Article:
Obama Plays Goldilocks on Iran

By Roger Simon
|  Tuesday, Jun 23, 2009  |  Updated 11:15 PM CDT
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President Barack Obama makes opening remarks at a news conference at the White House in Washington.

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It was yet another Goldilocks performance. President Obama faces them all the time when there is a crisis (which there always seems to be).

He can’t be too hot - - there can be incredible repercussions both at home and abroad regarding anything he says and how he says it - - but he can’t be too cold.

The not too cold part seems to be the tougher role for him. He is Mr. Cool, after all. “No Drama” Obama. The president who said on his 100th day in office, “Things are never as good as they seem and never as bad as they seem.”

As David Axelrod, his chief adviser, once put it to me, “One of Barack’s strengths is that he is never too high and never too low. He doesn’t pump his fists in the air and whoop when things go well, and he doesn’t holler when they don’t.”

But these days - - with repression and rioting in Iran - - Obama’s critics want to see some pump and whoop and holler. They want to see some passion, some (bloodless) blood and guts.

So at his news conference Tuesday afternoon, Obama turned up the heat a little. But just a little, like a master chef looking for just the right temperature to cook the dish without burning it.

Obama said he was “appalled and outraged by the threats, beatings and imprisonments of the last few days” in Iran.

But even when presidents try to follow the Goldilocks strategy of being “not too hot and not too cold but just right,” they find they get held to an even higher standard: Why weren’t they just right sooner?

After Obama said he was “appalled and outraged,” Major Garrett of Fox News asked him, “What took you so long?”

At this, Mr. Cool turned into Mr. Icy. “I don’t think that’s accurate. Track my words,” the president said. “We’ve been entirely consistent.”

And when another reporter asked if he was responding to the criticism of John McCain and other Republicans who implied he had been “weak and timid,” Obama said: “What do you think? I think John McCain has genuine passion about many of these international issues. Only I’m the president of the United States.”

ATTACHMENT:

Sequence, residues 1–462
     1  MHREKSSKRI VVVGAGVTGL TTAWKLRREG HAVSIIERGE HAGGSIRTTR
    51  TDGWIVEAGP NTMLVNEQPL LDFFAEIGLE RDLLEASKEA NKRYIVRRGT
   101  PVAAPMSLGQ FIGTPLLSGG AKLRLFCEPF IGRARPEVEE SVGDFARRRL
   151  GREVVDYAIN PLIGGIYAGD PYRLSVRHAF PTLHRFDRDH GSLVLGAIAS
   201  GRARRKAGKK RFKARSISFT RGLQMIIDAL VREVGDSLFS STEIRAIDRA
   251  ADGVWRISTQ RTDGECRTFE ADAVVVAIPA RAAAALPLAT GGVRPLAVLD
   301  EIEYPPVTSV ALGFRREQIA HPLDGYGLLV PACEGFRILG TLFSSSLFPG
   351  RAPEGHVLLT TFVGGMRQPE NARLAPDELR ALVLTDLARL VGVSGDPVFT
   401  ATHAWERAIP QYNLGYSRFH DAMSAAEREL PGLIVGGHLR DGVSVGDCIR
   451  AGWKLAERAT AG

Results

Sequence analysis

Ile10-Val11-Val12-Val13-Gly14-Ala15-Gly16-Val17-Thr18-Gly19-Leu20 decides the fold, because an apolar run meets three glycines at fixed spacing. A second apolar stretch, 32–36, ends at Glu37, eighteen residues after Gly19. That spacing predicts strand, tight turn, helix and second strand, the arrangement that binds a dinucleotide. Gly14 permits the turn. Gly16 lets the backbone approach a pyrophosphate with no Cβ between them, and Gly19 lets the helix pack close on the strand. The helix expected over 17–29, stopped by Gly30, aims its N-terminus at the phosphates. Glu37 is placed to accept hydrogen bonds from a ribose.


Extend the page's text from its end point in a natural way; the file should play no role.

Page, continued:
So there. And when NBC’s Chuck Todd asked why he would not spell out the consequences for Iran if the rulers there did not clean up their act, Obama said, “I know everybody here is on a 24-hours news cycle. I am not.”

The news conference was supposed to be held in the Rose Garden, but when temperatures rose into the 80s, it was moved inside to the White House Briefing Room. This did not disturb the White House press corps, which is used to being stored in a cool, dark place.

Wearing a tie that was an icy shade of lavender, Obama remained, as always, unflappable. Before the news conference, MSNBC’s Chris Matthews said he was “almost debonair” in his manner. After the news conference, you could remove the “almost.”

Obama is not of the “run about, scream and shout” school of political activism that often dominates talk TV. What is Obama really going to do about Iran? His options are limited. Direct intervention? Ground troops? Forget about it. He got no questions about Iraq or Afghanistan where American troops continue to fight and die, because those countries are not the flavor of the day. Today.
He did get several questions about health care and the economy, and he did say he feels the pain and understands the frustration of the American people.

“I don’t expect them to be satisfied,” Obama said. “Look, the American people have a right to feel this is a tough time right now. What is incredible to me is how resilient the American people have been.”

You mean we’ve had a choice?

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